SINGAPORE - National marathoner Soh Rui Yong blasted the Singapore National Olympic Council (SNOC) in a Facebook post on Wednesday morning (June 19), in which he also maintained his version of events of the 2015 SEA Games marathon race which has led to a public dispute with fellow runner Ashley Liew.
Then, Liew had reportedly found himself with a 50m lead after 12 other runners missed a U-turn and took the wrong route. But, instead of capitalising on it, he slowed down to let his rivals catch up. Soh, who won the race - Liew finished eighth - alleges that this is not true.
In October last year, Soh disputed Liew's account of events at the 2015 race in Singapore, for which the latter was given a special award for sportsmanship by the SNOC and the Pierre de Coubertin World Fair Play Trophy by the International Fair Play Committee (CIFP) in 2016.
On Wednesday, Soh said: "The (SNOC) should also be ashamed at themselves for failing to conduct a proper investigation of the truth, and choosing rather to only speak with witnesses from one side in order to back up what they want to believe.
"There are several people who saw that Ashley did not slow down, yet SNOC refused to talk to any of them to get their take on the situation.
"The SNOC has failed to stay neutral and credible in the fact-finding process, and I have lost respect for the organisation that is supposed to represent the epitome of sporting values in Singapore."
Contacted, a SNOC spokesman said: "We regret to note the derogatory and baseless remarks made by Soh Rui Yong, and fully reserve our legal rights against him. Given that the remarks are made in connection with a matter that is now pending before the State Courts, it would not be appropriate for the SNOC to provide our comments on the matter at this time. Meanwhile, we will monitor the developments in the litigation between Soh and Ashley Liew.”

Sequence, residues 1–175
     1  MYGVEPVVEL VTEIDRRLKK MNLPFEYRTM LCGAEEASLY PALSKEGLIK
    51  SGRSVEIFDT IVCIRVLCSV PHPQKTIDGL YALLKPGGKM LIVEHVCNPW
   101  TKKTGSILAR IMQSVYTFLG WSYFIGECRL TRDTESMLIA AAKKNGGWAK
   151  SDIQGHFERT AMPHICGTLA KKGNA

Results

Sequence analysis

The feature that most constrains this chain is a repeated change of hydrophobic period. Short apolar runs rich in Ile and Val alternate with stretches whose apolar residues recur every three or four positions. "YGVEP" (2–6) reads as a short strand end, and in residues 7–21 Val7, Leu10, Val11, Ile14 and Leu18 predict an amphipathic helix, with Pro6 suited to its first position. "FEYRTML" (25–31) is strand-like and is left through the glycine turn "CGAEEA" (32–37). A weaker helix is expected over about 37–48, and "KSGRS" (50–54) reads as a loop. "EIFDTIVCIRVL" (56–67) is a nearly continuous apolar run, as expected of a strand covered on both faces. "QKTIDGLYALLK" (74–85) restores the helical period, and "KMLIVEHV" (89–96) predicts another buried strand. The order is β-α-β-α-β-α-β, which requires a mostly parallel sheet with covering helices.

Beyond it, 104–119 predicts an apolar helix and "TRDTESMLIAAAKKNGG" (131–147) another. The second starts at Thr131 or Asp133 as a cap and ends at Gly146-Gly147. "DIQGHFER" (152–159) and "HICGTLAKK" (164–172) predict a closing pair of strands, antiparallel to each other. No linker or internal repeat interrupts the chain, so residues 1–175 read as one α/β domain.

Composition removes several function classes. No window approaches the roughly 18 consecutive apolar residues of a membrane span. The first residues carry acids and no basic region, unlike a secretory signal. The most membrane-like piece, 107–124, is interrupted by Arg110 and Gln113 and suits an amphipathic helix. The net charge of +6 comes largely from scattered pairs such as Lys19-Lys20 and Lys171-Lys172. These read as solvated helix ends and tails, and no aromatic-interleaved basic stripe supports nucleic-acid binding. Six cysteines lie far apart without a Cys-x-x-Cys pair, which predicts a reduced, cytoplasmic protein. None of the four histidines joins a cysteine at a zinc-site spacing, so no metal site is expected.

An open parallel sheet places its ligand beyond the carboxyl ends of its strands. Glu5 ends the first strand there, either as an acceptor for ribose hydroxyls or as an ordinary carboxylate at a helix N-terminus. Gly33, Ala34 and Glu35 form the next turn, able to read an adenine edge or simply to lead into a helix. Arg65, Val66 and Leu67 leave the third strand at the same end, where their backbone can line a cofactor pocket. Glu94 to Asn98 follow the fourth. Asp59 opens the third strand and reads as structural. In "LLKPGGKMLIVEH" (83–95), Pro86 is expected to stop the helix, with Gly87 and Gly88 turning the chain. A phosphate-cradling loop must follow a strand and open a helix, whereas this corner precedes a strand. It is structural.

The Facebook post is the latest in the saga between Soh and Liew, 32, which has resulted in the latter filing a request to the courts on Tuesday for an order to restrain Soh, 27, from making any further statements and to compel him to remove the statements that have already been published. Liew also seeks the court to compel Soh to publicly retract his statements and make a public apology.
This comes after Soh's refusal to meet the demands of a cease-and-desist letter issued by Liew's lawyer Mark Teng of That.Legal LLC on April 9.
The SNOC, through law firm Rajah & Tann, had on April 1 also served Soh a lawyer's letter with similar requests to publicly retract his views, but he did not comply.
In his Facebook post on Wednesday, Soh said he found it "disappointing that some people would rather spend all this time and energy defending their fairy-tale rather than training to be a better athlete".
He added that he was "happy" the dispute is going to court, and that he hoped "the truth (will) finally see the light of day".